• Peninsula, sometime between 36 million and 23 million years ago.

  • So as time wore on, Antarctica went from being a land bridge between South America and Australia

  • to being an isolated continent.

  • The stage was set for a dominant new force in the Southern Ocean: The Antarctic Circumpolar

  • Current, or ACC.

  • This current still swirls around Antarctica, and hands down, it is the most powerful current

  • on earth.

  • Its volume is 1000 times bigger than the Amazon River, and it chugs along at the breakneck

  • speed of 40 centimeters per second in some locations.

  • Propelled by winds and unimpeded by land, the swirling current blocks warmer waters

  • farther north, keeping them away from the mainland.

  • It also dredges cold water from the ocean floor to the surface.

  • And those two factors work together, creating a chilling effect on Antarctica.

  • Climatologists think that the ACC is between 41 and 23 million years old.

  • But there's not a lot of agreement about how the formation of this current actually

  • affected the drop in temperatures -- and the rise in glaciation -- on ancient Antarctica.

  • What we do know is that the late Eocene and early Oligocene was a time of global cooling.

  • At high latitudes in both hemispheres, temperatures dropped by about 15 degrees Celsius.

  • Around the world, atmospheric carbon dioxide was decreasing, possibly because large quantities

  • of it were being absorbed by marine plankton or buried in ocean floor sediments.

  • This may have contributed to the worldwide cooling trend.

  • And the formation of the ACC could've forced temperatures in Antarctica to drop even further.

  • Regardless, we know that from about 36.5 million years onward, glaciers became more widespread

  • across the continent.

  • As ice blanketed Antarctica's surface, many plant communities suffered.

  • A study of fossil plant samples from the Cross Valley formation in the Antarctic Peninsula

  • found that its plant diversity dropped by 47 percent between the late Paleocene and

  • middle Eocene.

  • Slowly, warmth-loving trees and ferns found themselves replaced by temperate forests.

  • These were dominated by Southern Beech trees, which we know had been living on the continent

  • since the late Cretaceous Period, based on fossilized leaf impressions and sporomorphs.

  • And even their days were numbered.

  • Their sporomorphs tell us that there were southern beech trees on Antarctica as recently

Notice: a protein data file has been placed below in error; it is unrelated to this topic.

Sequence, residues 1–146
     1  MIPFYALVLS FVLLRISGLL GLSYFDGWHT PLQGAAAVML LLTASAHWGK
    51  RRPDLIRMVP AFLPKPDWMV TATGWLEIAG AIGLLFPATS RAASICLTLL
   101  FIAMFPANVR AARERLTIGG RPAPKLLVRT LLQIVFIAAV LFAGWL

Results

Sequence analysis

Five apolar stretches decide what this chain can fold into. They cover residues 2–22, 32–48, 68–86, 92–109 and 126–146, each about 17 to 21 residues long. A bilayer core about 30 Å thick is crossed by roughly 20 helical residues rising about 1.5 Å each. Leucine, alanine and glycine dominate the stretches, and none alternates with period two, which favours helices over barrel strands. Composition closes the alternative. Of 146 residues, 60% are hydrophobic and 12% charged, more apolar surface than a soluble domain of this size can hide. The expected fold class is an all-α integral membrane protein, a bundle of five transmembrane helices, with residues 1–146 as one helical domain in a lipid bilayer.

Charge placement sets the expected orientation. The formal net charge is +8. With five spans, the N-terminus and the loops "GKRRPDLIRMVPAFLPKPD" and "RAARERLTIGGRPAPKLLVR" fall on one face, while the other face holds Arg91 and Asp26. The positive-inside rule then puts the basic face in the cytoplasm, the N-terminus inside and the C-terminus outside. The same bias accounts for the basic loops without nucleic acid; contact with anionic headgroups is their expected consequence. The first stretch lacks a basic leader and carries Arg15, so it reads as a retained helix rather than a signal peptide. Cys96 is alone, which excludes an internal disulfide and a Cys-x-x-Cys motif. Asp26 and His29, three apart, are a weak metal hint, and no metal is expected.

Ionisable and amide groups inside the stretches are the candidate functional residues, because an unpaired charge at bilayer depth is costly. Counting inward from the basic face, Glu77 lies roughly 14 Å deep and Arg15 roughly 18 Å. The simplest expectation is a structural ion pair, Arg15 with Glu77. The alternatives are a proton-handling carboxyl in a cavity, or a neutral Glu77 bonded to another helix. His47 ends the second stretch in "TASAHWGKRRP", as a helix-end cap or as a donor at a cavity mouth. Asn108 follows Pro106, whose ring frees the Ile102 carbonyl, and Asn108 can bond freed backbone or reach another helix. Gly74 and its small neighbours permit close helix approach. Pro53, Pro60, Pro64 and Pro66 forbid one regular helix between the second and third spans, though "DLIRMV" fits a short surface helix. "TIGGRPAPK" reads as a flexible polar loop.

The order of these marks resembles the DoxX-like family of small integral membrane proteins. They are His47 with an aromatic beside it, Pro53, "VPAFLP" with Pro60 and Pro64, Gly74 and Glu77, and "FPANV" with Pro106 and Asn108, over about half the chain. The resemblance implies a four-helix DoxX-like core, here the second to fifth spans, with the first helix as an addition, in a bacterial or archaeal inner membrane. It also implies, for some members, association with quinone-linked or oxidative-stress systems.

• as 2.5 million years ago.

  • But today, it's a treeless continent, a polar desert whose remaining plants mostly

  • consist of hardy mosses, grasses, lichens and algae.

  • Clearly, Antarctica's biodiversity took a hit after the Eocene.

  • And yet, life continued to flourish on its two former neighbors.

  • After they split with Antarctica, South America and Australia were both totally isolated from

  • the rest of the world for millions of years.

  • And those two continents had something special in common: Marsupials.

  • New World opossums originated in South America before some of them migrated north into Central

  • and North America.

  • Meanwhile, Australia is world-famous for its charismatic marsupials, including kangaroos,

  • wallabies and the now-extinct Thylacine.

  • And DNA evidence suggests that the common ancestor of today's marsupials lived in

  • South America about 70 to 80 million years ago.

  • So, from there, marsupials spread through Antarctica and into Australia back when those

  • three continents were still connected.

  • And as evidence of this journey, they left behind the remains of marsupials like Antarctodolops--relatives

  • of the mammals that Australia is famous for today.

  • So even though Antarctica has lost its big land animals, it was once a forested pathway

  • for life.

  • Which is why, even today, our world retains the ecological fingerprints of a time when

  • Antarctica was green.

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It's the world's most remote and isolated continent.

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南極が緑だった頃 (When Antarctica Was Green)

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    彭成豪 に公開 2021 年 01 月 14 日